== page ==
References[edit | edit source]

  2. Psychotherapy of Multiple Personality A description from an ISH: "I have many functions. I am the conscience. I am the punisher, if need be. I am the teacher, the answerer of questions. I am what she will be, although never completely, for she has her emotional outlets which I do not need. But she will have my reasoning ability to look at things objectively. I will always be here, and I will always be separate, but the kind of separateness which is yours, a oneness with a very fine line of distinction. An emergency backup perhaps. I must be the ability to know. If I am gone, she is just a body. She can send part of me off and leave a small portion. But if all is taken, she is a shell. Now my function is overseer of the dump. I am kept busy sorting out the different messes created and the problems created between the alternate personalities."
  3. Spiritual Helpers I Have Met. "At some point of disorder, the ISH is dissociated from the rest of the psychic energy, as it contains the ability to guide the organism with good judgment and practical sense. It attempts to bring order out of chaos and acts as an idea center, trying to influence the alter-personallties to cooperate so that all can have their needs met, danger can be avoided and basic survival of the total organism can be assured. It is a non-emotional, intellectual portion of the patient, an area of concepts designed to deal effectively with both internal and external problems. It is usually the ISH that guides the patient into the proper therapist's office. When it is discovered by the therapist, the ISH is an invaluable co-therapist thereafter."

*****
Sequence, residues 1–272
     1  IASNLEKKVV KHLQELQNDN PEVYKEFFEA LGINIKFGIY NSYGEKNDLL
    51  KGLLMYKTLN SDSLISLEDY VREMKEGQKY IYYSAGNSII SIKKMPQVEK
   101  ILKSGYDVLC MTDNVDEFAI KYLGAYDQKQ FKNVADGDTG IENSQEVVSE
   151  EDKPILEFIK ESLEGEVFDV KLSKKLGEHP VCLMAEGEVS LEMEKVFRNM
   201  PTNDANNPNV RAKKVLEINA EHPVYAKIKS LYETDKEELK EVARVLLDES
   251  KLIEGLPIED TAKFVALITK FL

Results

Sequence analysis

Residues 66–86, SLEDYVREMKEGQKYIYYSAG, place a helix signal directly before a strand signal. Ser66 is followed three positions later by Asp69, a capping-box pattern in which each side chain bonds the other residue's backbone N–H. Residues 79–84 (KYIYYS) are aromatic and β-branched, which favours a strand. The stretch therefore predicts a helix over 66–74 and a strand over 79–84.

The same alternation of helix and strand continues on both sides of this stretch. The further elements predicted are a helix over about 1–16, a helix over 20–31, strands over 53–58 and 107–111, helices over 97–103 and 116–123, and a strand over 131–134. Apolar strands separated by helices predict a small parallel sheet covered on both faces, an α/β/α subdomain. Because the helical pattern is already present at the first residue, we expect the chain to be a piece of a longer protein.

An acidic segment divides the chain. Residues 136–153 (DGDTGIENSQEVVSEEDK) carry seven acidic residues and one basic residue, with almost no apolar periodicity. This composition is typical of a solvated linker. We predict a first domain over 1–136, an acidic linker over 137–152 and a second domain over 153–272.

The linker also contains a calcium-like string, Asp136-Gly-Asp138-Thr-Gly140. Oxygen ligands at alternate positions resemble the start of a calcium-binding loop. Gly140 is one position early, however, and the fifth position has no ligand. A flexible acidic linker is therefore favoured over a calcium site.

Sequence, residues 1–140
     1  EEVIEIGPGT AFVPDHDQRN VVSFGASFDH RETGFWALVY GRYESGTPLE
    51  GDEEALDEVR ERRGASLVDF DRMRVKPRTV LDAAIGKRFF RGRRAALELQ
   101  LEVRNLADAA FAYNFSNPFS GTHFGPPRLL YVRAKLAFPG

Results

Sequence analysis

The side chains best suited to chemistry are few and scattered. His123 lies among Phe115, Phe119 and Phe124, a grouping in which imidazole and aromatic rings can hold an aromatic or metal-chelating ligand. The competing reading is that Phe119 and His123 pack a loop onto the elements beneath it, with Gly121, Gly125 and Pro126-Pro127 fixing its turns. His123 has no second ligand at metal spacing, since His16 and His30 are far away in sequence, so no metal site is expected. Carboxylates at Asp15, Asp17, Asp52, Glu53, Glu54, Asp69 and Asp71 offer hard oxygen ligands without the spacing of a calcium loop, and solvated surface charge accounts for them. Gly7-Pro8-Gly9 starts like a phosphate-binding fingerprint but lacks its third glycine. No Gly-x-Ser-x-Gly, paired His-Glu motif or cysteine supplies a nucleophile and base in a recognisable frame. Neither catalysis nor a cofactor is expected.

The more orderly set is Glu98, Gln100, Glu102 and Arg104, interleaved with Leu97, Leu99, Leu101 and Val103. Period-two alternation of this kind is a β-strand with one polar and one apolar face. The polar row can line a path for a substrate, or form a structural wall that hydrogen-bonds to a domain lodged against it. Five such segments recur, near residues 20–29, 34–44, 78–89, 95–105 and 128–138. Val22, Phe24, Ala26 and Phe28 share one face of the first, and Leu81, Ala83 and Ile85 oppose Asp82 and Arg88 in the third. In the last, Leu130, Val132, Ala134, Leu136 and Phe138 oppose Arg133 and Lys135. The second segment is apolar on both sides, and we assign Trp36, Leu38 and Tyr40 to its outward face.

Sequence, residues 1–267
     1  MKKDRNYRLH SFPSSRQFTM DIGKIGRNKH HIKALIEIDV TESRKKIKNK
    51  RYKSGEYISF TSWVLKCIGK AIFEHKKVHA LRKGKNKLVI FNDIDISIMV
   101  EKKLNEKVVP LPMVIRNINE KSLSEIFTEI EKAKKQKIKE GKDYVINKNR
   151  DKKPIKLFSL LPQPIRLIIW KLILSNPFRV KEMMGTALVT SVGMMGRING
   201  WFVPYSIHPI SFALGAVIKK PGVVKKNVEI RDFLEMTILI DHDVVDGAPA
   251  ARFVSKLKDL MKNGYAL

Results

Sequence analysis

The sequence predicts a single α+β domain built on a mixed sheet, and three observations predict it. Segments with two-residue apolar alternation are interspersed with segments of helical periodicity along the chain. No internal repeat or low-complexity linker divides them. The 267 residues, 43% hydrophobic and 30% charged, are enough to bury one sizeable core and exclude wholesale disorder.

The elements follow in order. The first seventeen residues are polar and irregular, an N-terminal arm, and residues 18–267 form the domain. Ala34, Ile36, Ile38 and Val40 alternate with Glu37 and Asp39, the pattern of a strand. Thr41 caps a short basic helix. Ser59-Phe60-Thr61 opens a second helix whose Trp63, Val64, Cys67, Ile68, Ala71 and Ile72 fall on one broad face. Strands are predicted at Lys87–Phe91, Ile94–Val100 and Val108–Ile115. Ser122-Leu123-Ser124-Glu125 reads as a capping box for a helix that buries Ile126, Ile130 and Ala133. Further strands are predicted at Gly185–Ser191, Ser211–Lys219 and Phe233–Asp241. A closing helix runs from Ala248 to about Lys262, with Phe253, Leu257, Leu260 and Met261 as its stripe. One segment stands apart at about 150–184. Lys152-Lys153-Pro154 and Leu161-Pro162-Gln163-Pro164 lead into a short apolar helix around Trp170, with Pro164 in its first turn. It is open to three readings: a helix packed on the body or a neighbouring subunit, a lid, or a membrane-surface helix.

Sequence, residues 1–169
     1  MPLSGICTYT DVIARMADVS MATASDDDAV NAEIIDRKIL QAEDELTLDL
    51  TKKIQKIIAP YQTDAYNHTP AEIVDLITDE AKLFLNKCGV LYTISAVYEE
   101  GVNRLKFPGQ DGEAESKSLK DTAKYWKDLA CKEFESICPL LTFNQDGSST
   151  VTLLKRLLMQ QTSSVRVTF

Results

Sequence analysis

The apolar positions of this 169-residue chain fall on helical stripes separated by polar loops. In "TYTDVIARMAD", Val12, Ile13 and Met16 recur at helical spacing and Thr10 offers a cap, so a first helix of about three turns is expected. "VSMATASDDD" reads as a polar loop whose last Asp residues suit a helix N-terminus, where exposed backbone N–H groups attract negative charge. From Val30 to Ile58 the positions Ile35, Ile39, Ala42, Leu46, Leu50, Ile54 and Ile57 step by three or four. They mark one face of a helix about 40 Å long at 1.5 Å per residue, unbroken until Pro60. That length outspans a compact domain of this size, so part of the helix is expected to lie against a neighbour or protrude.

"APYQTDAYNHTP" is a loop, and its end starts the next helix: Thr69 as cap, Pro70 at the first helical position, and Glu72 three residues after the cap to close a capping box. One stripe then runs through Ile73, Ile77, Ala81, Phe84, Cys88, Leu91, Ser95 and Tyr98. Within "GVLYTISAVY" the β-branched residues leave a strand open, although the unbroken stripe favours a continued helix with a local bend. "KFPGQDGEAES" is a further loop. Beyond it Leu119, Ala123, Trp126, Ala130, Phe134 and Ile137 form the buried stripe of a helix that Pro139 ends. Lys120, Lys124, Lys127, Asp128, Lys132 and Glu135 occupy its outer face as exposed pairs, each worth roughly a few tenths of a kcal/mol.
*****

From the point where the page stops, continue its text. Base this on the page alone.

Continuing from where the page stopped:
4. "Just above the ISH in the hierarchy may be the spirit of someone who died in their own body several hundred years ago. This one will give a brief description of life and death in some country at least 200 years ago, and assignment by God to help this poor lady out. One claimed to have been an Indian squaw in Montana who had been multiple in her lifetime. [...] Above that type of helper might be a spirit who reports she has never had her own body and has always been in the spirit dimension. This one acts exactly like the one who had been incarnated, but she has not yet had a body, so she has no personal appreciation for the difficulties we folks with bodies have in carrying out the ideas she thinks are good for us to follow. [...] Above that level will be Higher Helpers who claim to have been on earth in bodies many thousands of years ago, in a high religious role. One claimed to have been an Aztec Christ figure 4,000 years ago."
  5. Internal self helpers of persons with multiple personality disorder
  6. The inner self helper and concepts of inner guidance: historical antecedents, its role within dissociation, and clinical utilization
  7. Definition of Multiple Personality Disorder